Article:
Robert Sweet

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Doug and Terry,

Thanks for passing on this information. The 571 will not become a part of my small collection. :D

Robert
 

doug sinclair

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I think the stem setting parts that I fitted to my 571 are the stem setting parts from a model 20, 16-size, stem set model. This same basic watch was made in grades 572, 573, 574, 575, and 616. As to which one of those is pendant set, I don't know. I believe the 572 was also lever set, so maybe it would be one of the others I listed.
 

49stude63

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If you look on the Elgin site at the master catalog the lever set mechanism for the 572 and 573 are the same for the 571, the 574 and 574 were pendant sets. So with all the part 573s out there if the setting mechanism works they can be used on a 571. I have one 571 in my collection and was lucky enough to end up with a 573 parts movement that was missing the balance and balance cock and dial but did have a near mint setting mechanism for about $30 so that is the method I used to fix my only 571. You could use a 572 but the 573 far outnumber the 572 grade. Mine is an 8 adj (5pos) model, probably the sixth position was mostly just marketing hype since if you had a watch that would run within specs with the pendant as 12,3,9 and dial up/down and it would maintain proper time I seriously doubt the pendant at 6 would impart much difference in the pivot force loadings after being put through the other 5 positions. Sorta reminds me of the audiophile amp/tuner wars of the 70's and 80's, the typical good human ear could only detect about 0.1 total harmonic distortion but the various companies were touting .05% then 0.01% until the specs became meaningless other than marketing hype.
I also tend to agree with Robert, I am one and done on the grade 5XX elgins, I will stick with the earlier Elgin grades.
 

Donovan Martin

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doug sinclair;516764 said:
I've owned two 571s over the years. The first one I had this problem with, I sold in the late '80s. I ordered parts form S. LaRose, and from my Canadian source. My Canadian source came up with the parts I needed, and S. LaRose was only able to come up with a kit to permit you to convert a 571 from lever set to stem set. I kept those parts. In '09, I bought another 571 which ended up with the same problem! By this time, I was unable to locate the required parts, so I used the conversion kit to convert the 571 that I now have, to stem set. Imagine the consternation THAT will cause at some time in the future when this watch ends up in the hands of a knowledgeable collector.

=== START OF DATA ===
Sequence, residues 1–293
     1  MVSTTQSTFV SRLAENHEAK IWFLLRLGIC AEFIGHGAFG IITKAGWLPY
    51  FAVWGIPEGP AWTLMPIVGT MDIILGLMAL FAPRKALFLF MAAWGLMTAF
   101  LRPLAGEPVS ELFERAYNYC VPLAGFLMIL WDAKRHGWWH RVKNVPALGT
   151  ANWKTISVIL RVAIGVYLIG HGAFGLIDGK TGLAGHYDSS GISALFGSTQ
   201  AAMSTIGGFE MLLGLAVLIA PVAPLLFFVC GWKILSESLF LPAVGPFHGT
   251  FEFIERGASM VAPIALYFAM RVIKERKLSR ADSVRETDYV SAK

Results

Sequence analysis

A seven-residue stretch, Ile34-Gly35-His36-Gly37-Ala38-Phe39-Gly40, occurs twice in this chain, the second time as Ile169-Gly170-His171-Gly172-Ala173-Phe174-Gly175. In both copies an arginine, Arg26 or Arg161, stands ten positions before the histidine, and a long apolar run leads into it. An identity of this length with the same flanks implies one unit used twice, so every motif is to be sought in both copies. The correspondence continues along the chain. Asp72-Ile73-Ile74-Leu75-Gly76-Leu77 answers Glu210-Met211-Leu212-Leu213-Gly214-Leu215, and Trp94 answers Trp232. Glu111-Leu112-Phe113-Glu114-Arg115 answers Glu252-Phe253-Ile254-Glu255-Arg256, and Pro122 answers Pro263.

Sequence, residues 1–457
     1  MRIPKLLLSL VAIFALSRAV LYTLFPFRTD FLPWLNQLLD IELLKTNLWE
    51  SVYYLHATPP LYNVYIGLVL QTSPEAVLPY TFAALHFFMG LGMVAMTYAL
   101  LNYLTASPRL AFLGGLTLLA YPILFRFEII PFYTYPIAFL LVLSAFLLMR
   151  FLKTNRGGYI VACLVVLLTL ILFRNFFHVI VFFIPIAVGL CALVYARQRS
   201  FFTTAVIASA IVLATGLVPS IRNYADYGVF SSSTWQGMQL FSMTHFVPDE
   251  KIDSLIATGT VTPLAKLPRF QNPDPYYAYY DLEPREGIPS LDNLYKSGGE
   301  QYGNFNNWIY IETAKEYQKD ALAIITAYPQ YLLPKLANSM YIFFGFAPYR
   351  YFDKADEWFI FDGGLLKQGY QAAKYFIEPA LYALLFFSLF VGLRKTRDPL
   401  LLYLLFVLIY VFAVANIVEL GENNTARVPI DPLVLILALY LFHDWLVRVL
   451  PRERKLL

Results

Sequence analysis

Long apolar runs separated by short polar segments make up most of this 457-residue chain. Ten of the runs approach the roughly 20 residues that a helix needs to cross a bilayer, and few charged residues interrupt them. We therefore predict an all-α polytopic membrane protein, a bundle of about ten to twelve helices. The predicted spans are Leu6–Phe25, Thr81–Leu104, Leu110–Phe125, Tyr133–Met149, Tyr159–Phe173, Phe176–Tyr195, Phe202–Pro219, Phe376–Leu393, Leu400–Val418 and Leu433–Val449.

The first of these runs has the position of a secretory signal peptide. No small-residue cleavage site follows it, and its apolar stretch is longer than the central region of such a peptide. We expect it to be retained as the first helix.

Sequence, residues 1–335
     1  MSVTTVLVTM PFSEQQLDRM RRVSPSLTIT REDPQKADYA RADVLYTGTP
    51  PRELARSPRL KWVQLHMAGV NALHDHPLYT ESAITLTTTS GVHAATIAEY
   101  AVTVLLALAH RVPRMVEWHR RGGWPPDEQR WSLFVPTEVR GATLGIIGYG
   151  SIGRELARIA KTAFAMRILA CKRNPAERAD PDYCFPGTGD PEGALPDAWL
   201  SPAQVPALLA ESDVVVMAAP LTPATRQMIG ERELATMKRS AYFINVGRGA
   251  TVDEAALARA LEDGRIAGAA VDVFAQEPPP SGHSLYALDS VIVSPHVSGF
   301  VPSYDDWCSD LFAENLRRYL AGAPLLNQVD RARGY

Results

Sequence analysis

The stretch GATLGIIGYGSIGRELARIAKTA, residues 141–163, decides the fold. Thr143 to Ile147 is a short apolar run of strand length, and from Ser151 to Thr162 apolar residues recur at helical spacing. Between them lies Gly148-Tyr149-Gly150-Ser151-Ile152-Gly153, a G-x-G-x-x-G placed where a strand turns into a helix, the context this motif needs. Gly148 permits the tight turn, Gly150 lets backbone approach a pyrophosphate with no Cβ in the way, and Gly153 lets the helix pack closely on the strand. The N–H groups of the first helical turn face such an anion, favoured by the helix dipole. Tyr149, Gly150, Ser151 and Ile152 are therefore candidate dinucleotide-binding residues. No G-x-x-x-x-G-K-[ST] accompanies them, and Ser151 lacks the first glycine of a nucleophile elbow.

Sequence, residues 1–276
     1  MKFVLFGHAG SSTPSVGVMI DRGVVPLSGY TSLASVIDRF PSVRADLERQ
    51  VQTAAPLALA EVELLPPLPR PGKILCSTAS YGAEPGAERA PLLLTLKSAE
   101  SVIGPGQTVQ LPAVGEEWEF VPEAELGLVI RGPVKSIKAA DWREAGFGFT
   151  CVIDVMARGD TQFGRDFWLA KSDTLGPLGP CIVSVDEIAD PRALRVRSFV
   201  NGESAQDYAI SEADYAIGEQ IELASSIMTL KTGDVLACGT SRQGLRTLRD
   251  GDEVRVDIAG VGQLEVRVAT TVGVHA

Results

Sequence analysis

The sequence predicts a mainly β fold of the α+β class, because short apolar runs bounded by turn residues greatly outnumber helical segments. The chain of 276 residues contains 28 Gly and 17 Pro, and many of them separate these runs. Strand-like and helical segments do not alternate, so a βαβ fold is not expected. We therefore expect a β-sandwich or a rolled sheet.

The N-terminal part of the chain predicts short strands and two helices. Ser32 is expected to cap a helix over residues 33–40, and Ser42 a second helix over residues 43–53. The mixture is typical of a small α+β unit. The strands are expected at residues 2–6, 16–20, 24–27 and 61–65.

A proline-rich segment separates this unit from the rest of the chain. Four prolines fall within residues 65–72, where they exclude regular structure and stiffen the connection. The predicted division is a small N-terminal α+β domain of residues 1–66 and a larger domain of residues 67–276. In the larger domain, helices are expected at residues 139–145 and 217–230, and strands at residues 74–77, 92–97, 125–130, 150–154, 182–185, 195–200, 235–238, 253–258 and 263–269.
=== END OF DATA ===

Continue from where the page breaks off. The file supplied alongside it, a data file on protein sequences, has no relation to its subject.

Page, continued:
I just purchased a 571, serial S548417, and to my surprise it is stem set. I looked at it for a while trying to wrap my head around it. Then I remembered this thread and came back to it to firm up my thoughts.

Is it worth trying to return this watch to it's original state of lever set. It's not a collector's quality watch but it is in pretty good shape. It may just become someone's daily carry. These are the pictures of it from the seller. I have it in my possession but don't want to break out the camera. 81884.png 81885.png
 

RON in PA

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Donovan, the parts are just not available.
 

Kent

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Donovan:

I would think that the lever-setting parts would be the first thing to be stripped off of a parts movement. The usual failure of thise is that the plate becomes stripped allowing the stem and crown to come loose and are then lost.

By the way, you seem to be rapidly picking up a number of watches that have one sort of issue or another that need to be resolved. You might consider slowing down and targeting watches in better and more original condition. Also, you might benefit by reading the Encyclopedia articles: